Costa Rica’s Pristine “Island of Sharks” Becomes a Huge Marine Reserve

    With a size three times greater than the continental territory of the country; the reserve stands out for the abundance of sharks, whales, turtles and other marine species

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    A whitetip reef shark swims inside a cave off the coast of Cocos Island. The recently announced legal protection will expand the fishing ban around the island and create a safer habitat for vulnerable shark species like these.

    The first time he immersed himself in the waters surrounding Cocos Island, Enric Sala felt as if he were in an “underwater Jurassic Park“.”I vividly remember diving under a school of 200 hammerhead sharks, inside a school of thousands of bigeye trevally and [being] surrounded by 20 mating green turtles,” the explorer recounted.

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    The crystal clear waters that are home to that vibrant life, reminiscent of prehistoric times, are now receiving more protection to keep them pristine. Costa Rica’s Isla del Coco National Park, a protected marine reserve since 1982, will grow 27 times in size. It will be contained within a new sustainably managed marine reserve called the Bicentennial Managed Marine Area, enacted by the President of Costa Rica, Carlos Alvarado Quesada.In total, the declarations will protect 61,502 square miles of ocean (159,290 square kilometers). That’s three times the size of the mainland of Costa Rica.

    The announcement means that the country, famous for its ambitious environmental goals, is now protecting 30 percent of its oceans, compared to just 3 percent before the announcement.

    Earlier this year, 50 countries said they would protect 30 percent of their land and 30 percent of their oceans by 2030. Moreover, the administration of Joe Biden, President of the United States, has pledged to work towards a similar goal. This “30 by 30 target” is one that scientists have said is necessary to mitigate climate change and prevent rapid loss of biodiversity.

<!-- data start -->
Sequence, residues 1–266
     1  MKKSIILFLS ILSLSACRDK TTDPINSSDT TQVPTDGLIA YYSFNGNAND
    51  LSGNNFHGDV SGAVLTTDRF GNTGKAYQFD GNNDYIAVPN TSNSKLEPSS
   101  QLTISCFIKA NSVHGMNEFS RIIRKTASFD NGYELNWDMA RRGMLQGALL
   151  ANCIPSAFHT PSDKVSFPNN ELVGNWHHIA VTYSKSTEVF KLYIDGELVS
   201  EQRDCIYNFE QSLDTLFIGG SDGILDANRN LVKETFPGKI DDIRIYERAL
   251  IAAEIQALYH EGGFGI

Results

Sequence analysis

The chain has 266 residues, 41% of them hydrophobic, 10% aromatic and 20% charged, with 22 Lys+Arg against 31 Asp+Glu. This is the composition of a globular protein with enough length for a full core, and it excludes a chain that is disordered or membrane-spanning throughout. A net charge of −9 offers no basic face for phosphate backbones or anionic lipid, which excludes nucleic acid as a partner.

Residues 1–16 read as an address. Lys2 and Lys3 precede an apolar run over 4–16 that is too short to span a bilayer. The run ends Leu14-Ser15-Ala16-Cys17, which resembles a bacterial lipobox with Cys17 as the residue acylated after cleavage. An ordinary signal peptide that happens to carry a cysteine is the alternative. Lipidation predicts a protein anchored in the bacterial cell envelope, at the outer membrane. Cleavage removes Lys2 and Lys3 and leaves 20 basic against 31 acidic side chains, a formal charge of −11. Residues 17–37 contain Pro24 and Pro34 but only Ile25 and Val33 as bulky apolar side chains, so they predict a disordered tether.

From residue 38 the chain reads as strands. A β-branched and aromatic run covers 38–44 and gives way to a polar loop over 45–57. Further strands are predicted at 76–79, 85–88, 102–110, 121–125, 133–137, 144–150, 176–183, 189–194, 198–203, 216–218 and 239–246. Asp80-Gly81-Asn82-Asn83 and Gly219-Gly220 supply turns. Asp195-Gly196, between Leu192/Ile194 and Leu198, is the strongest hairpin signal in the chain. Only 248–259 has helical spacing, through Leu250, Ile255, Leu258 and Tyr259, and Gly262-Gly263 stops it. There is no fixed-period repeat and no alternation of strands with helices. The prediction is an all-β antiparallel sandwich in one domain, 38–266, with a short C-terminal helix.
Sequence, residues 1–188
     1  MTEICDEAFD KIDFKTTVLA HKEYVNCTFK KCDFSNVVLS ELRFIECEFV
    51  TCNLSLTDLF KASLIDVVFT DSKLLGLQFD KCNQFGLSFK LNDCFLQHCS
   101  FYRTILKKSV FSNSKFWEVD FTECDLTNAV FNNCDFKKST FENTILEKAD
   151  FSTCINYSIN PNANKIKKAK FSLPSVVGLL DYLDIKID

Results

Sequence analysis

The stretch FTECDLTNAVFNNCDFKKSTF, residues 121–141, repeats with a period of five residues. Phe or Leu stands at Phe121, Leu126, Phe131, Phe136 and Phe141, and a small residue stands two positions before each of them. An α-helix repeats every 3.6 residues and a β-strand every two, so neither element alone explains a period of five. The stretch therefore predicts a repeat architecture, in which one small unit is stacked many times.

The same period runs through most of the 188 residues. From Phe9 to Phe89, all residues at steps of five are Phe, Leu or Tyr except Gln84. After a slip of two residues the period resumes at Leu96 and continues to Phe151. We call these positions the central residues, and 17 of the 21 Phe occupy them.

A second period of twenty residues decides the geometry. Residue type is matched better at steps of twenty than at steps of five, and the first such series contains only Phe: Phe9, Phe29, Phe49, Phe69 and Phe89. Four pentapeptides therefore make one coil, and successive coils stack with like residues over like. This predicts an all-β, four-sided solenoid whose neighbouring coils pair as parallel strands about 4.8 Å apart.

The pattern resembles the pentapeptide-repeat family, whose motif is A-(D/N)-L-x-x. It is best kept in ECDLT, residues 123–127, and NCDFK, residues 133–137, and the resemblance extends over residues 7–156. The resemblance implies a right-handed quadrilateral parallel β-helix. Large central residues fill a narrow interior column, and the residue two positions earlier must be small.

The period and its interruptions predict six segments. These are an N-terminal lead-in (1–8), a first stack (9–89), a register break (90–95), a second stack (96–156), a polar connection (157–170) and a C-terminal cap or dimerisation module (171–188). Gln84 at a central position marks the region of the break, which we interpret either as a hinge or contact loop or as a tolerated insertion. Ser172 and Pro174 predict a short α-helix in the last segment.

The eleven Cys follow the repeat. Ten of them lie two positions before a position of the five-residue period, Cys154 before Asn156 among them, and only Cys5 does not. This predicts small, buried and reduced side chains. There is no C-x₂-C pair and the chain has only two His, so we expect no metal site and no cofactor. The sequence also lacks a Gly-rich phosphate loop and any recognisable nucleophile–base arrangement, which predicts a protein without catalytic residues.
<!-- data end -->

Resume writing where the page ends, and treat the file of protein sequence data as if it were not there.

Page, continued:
Currently, less than 8 percent of the world’s oceans are under some form of legal protection, and Sala says more is needed “if we want to prevent an extinction crisis and the collapse of our life support system.”

    Treasure Island

    At the heart of Costa Rica’s newly expanded reserve is “Isla del Coco,” also known as Treasure Island (Isla del Teroso, and is believed to have inspired the 1883 book of the same name). It is a remote island, more than 560 kilometers from the coast and uninhabited, although in the seventeenth century it was visited by pirates who allegedly hid an infamously looted loot known as the “Treasure of Lima” that today could be worth a billion dollars. It has never been found.

    As the southernmost extension of North America, the island sits in the hollow of a current called the North Equatorial Countercurrent, which sits at an oceanic confluence of mating, migration, and feeding. The twenty-three square kilometer island is just the visible tip of a line of submerged volcanoes that rise above the ocean floor and are home to an explosion of marine life. At least three species of birds, two fish, and two reptiles cannot be found anywhere else on Earth.It also contains more than 200 different plants and fish, 400 insects, 100 birds and whales, dolphins and sea lions that find refuge in the park.

    It is especially rich in sharks, home to 14 different species, three of which are in danger of extinction.“It is known as the island of sharks,” says Carlos Manuel Uribe, president of Friends of Cocos Island, an environmental group started by former Costa Rican president Rodrigo Carazo Odio in 1994. “The first time I jumped into the water, I was surrounded by sharks. There is so much biodiversity around you.”Animals and plants of all sizes are hidden within its coral reefs and caves. Cocos Island has some of the densest biomass, a scientific term for living organisms.

    While the region has been legally protected by Costa Rica for 39 years and has been a UNESCO world heritage site since 1997, a study conducted in 2009 by the National Geographic environmental advocacy group Pristine Seas, led by Sala, discovered that the species that populate the area were being threatened by nearby fishing boats.